Would you say that America’s power is also what gives us the ideal society? How would you argue that big power affects us mentally, would you agree or care to disagree?

  2. In Howard Dean’s 2006 book, You Have the Power: How to Take Back Our Country and Restore Democracy in America [2006], he says:

    “Being organized and empowering people is the first part of taking back the power to change the country and restore American democracy.”

    The entire book talks about power of the individual to make a difference on a national and even international scale. Here’s how I see it: in each of your posts, to some degree, you talk about how these “big powers” promote the idea that one person (or one group of persons) can make a difference. Sam - you talk about the power of individual corporations and their influence. Karee - you talk about the power of one individual to make a difference through the “new” kind of propaganda. Jordana - you talk about the far-reaching influences of a singular country. Your blog post is an example of one singular group of people attempting to ORGANIZE and EMPOWER people, encouraging them to “take back the power” in their own way, whether it be through correct use of social media, confidently supporting large corporations rather than government programs in hopes that your opinion will likely, actually, be heard, etc. The conclusion - or at least the concluding question I’m coming to - is this: you claim that “big power” is what influences us, but aren’t you really saying that the real power lies with the individual? Aren’t the majority of your claims about, as Dean says in his book, “organizing and empowering” individuals?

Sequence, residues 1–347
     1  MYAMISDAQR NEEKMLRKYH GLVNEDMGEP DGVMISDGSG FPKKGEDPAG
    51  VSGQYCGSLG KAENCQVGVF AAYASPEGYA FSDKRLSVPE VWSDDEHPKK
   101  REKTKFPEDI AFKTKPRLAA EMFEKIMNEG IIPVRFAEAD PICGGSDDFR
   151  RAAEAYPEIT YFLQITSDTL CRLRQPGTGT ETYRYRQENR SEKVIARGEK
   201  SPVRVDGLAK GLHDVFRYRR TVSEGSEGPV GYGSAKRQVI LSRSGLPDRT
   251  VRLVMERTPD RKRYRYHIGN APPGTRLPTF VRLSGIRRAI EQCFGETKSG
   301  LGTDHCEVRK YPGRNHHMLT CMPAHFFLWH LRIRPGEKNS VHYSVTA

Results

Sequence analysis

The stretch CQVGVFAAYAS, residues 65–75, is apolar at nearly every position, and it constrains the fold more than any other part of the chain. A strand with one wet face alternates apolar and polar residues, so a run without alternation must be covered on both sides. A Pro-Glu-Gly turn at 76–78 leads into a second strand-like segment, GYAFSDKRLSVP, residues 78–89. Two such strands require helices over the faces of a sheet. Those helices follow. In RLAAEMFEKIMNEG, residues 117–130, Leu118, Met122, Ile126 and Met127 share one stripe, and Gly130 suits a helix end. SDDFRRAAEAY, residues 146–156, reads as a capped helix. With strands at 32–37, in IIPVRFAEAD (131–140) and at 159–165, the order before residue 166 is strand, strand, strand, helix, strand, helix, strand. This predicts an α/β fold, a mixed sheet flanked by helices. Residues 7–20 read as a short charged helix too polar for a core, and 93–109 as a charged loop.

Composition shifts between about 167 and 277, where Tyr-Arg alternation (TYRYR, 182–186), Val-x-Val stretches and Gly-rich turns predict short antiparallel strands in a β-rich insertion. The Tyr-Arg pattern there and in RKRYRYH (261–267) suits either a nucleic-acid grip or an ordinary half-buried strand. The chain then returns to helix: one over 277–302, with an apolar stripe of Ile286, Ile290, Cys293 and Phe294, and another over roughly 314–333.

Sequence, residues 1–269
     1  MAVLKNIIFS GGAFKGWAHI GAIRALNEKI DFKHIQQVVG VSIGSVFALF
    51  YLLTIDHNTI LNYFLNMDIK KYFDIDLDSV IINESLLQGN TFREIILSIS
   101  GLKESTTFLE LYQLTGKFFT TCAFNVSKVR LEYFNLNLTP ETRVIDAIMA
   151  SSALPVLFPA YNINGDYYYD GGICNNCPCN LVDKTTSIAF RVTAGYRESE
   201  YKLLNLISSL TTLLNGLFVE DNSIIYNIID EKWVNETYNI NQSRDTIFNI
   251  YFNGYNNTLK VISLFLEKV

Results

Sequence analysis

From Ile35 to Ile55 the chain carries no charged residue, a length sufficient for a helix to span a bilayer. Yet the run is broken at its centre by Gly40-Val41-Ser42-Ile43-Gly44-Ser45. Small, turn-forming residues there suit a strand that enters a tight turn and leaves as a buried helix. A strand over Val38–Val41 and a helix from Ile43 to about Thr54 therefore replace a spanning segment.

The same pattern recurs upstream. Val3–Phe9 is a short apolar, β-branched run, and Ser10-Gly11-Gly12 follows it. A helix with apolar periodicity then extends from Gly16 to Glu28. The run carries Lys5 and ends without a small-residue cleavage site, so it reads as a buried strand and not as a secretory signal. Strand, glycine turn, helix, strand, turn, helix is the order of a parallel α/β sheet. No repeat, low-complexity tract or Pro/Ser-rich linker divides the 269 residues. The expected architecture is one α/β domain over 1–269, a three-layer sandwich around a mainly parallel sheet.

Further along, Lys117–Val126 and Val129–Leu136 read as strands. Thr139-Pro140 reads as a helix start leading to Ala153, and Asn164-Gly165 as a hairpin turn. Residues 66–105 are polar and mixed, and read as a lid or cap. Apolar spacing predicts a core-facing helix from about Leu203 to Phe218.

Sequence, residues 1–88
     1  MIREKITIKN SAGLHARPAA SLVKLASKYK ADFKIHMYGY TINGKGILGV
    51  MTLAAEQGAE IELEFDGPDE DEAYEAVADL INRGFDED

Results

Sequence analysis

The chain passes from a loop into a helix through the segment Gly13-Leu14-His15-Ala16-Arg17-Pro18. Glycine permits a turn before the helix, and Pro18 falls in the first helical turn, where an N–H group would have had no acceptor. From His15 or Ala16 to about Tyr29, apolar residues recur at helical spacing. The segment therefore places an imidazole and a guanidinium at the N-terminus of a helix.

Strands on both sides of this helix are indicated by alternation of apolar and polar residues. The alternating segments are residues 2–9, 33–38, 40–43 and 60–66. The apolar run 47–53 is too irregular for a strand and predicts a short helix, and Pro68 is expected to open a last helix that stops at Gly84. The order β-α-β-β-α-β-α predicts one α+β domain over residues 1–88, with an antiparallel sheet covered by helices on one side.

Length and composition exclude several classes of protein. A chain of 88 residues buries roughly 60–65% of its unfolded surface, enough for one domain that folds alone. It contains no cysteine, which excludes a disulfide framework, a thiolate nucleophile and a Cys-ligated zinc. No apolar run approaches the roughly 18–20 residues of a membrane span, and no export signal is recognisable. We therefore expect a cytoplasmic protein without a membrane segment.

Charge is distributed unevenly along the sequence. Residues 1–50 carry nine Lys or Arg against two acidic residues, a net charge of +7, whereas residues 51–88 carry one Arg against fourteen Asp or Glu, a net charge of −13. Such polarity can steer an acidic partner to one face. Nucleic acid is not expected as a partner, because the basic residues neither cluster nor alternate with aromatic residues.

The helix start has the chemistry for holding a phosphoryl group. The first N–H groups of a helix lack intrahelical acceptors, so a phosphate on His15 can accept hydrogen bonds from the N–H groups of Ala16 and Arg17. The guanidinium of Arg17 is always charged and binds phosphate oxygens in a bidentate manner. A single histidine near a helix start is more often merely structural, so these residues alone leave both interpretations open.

3. In your posts, you focus on the influence of big powers at the local, national, and global levels. I agree with your argument about how they influence the public's world view. I would like to share some thoughts that I had about the differences between big powers in the past and big powers today as I read your post.

    Although big powers were once publicly driven, they are now privately driven. My argument is that the difference between Napoleon France' worldwide ideological influence, NASA's exploration of space, and Hitler's propaganda in Germany and the United States' worldwide ideological influence, Space X' exploration of space, and the individual's propaganda through social media is that while before only governments could contribute to "Big Power" influences, now corporations and individuals can contribute to "Big Power" influences.

    This same transition from public to private happened during the Renaissance in Florence, Italy, although then it was only short-lived. At the beginning of the Renaissance, the Catholic Church was the principal patron of artists, but eventually private patrons influenced by humanist culture became the principal patrons of artists. This was made possible by a lengthly hiatus from war and the advent of new artistic practices such as the portrait and advancements in art such as perspective and lighting that allowed for more realistic portraits.

    The transition of big powers from public to private can be seen as the result of a modern-day renaissance and the rise of the amateur. This was made possible by a lengthly period of political stability in the developed world and the advent of new technologies.